The continental florin, based on a French coin and ultimately on coins issued in Florence, Italy, in 1252, was a standard coin (3.5 g fine gold) widely used internationally.

Coin

coinsspecieexergue
The Florentine florin was a coin struck from 1252 to 1533 with no significant change in its design or metal content standard during that time.

Troy weight

troy ouncetroy ouncestroy pound
It had 54 grains of nominally pure or 'fine' gold (3.5368 grams, 0.1125 troy ounce) with a purchasing power difficult to estimate (and variable) but ranging according to social grouping and perspective from approximately 140 to 1000 modern US dollars.

United States dollar

$US$USD
It had 54 grains of nominally pure or 'fine' gold (3.5368 grams, 0.1125 troy ounce) with a purchasing power difficult to estimate (and variable) but ranging according to social grouping and perspective from approximately 140 to 1000 modern US dollars.

Europe

EuropeanEUEuropean continent
The "fiorino d'oro" of the Republic of Florence was the first European gold coin struck in sufficient quantities since the seventh century to play a significant commercial role.

Mark (unit)

marksmarkCologne marks
As many Florentine banks were international supercompanies with branches across Europe, the florin quickly became the dominant trade coin of Western Europe for large-scale transactions, replacing silver bars in multiples of the mark (a weight unit equal to eight troy ounces).

Unit of measurement

unitunits of measurementunits
As many Florentine banks were international supercompanies with branches across Europe, the florin quickly became the dominant trade coin of Western Europe for large-scale transactions, replacing silver bars in multiples of the mark (a weight unit equal to eight troy ounces).

Kingdom of Hungary

HungaryHungarianHungarians
The most important of these was the Hungarian forint, because the Kingdom of Hungary was a major source of European gold (until mining in the New World began to contribute to the supply in the sixteenth and seventeenth centuries, most of the gold used in Europe came from Africa).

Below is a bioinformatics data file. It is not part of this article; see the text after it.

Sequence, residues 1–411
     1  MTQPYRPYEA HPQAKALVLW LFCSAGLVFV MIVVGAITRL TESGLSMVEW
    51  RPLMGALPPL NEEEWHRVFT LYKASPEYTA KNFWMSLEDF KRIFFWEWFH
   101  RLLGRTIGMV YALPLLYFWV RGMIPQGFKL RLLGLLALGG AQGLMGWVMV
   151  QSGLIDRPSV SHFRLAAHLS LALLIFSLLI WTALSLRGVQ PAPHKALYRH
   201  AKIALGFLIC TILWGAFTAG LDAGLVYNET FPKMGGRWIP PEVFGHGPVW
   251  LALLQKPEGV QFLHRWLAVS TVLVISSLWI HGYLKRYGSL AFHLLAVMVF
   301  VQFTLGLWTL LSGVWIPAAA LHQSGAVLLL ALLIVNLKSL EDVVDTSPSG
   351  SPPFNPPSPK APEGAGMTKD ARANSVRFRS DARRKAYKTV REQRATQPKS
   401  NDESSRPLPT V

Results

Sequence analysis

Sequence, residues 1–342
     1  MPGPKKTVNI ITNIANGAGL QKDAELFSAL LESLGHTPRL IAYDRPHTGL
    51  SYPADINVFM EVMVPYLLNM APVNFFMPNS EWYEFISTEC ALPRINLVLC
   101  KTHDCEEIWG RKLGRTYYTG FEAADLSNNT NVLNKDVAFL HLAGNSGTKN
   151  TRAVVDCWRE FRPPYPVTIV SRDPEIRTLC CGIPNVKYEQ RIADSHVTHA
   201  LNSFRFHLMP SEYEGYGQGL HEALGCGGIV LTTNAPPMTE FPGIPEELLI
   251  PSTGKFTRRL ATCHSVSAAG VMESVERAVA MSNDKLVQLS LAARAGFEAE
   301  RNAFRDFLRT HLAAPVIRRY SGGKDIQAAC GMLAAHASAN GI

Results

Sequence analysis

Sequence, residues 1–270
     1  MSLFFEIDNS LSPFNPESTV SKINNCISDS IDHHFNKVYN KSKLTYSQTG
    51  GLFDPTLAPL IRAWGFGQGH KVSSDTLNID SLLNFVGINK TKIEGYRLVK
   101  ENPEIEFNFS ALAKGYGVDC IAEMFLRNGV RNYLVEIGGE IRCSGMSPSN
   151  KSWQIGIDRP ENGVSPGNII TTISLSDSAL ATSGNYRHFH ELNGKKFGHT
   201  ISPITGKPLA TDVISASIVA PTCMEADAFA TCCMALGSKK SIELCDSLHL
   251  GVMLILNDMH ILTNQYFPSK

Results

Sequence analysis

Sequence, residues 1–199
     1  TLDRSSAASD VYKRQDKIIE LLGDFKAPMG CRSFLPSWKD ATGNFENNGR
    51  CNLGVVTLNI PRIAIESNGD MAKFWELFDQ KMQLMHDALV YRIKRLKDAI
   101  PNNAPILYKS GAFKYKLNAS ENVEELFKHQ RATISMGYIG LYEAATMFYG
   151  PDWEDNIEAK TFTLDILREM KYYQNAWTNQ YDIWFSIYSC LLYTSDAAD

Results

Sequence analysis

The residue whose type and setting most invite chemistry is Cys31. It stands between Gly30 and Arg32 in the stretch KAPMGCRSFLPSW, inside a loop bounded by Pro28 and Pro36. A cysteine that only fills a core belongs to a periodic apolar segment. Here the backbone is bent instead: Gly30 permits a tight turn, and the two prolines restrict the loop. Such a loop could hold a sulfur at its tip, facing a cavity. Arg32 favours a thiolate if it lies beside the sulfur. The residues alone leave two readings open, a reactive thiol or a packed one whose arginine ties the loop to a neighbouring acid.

New World

NewThe New WorldAmericas
The most important of these was the Hungarian forint, because the Kingdom of Hungary was a major source of European gold (until mining in the New World began to contribute to the supply in the sixteenth and seventeenth centuries, most of the gold used in Europe came from Africa).

Africa

AfricanAfrican continentAfrican countries
The most important of these was the Hungarian forint, because the Kingdom of Hungary was a major source of European gold (until mining in the New World began to contribute to the supply in the sixteenth and seventeenth centuries, most of the gold used in Europe came from Africa).

John the Baptist

Saint John the BaptistSt. John the BaptistSt John the Baptist
The design of the original Florentine florins was the distinctive fleur-de-lis badge of the city on one side and on the other a standing and facing figure of St. John the Baptist wearing a hair shirt.

Cilice

hair shirthairshirthair-shirt
The design of the original Florentine florins was the distinctive fleur-de-lis badge of the city on one side and on the other a standing and facing figure of St. John the Baptist wearing a hair shirt.

Heraldry

heraldicheraldistarms
On other countries' florins, the inscriptions were changed (from "Florentia" around the fleur, and the name of the saint on the other), and local heraldic devices were substituted for the fleur-de-lis.

Ladislaus I of Hungary

Ladislaus ILadislausSaint Ladislaus
On the Hungarian forints, St. John was re-labelled St. Ladislaus, an early Christian king and patron saint of Hungary, and a battle axe substituted for the original's sceptre.

Lira

lireLerato Molapo
The weight of the original fiorino d'oro of Florence was chosen to equal the value of one lira (i.e. a nominal silver pound of 20 soldi or 240 denari) in the local money of account in 1252.

Coin of account

accountingmoney of account
The weight of the original fiorino d'oro of Florence was chosen to equal the value of one lira (i.e. a nominal silver pound of 20 soldi or 240 denari) in the local money of account in 1252.

Inflation

inflation rateprice inflationfood inflation
However, the gold content of the florin did not change while the money of account continued to inflate; by 1500, a florin was worth seven Florentine lire.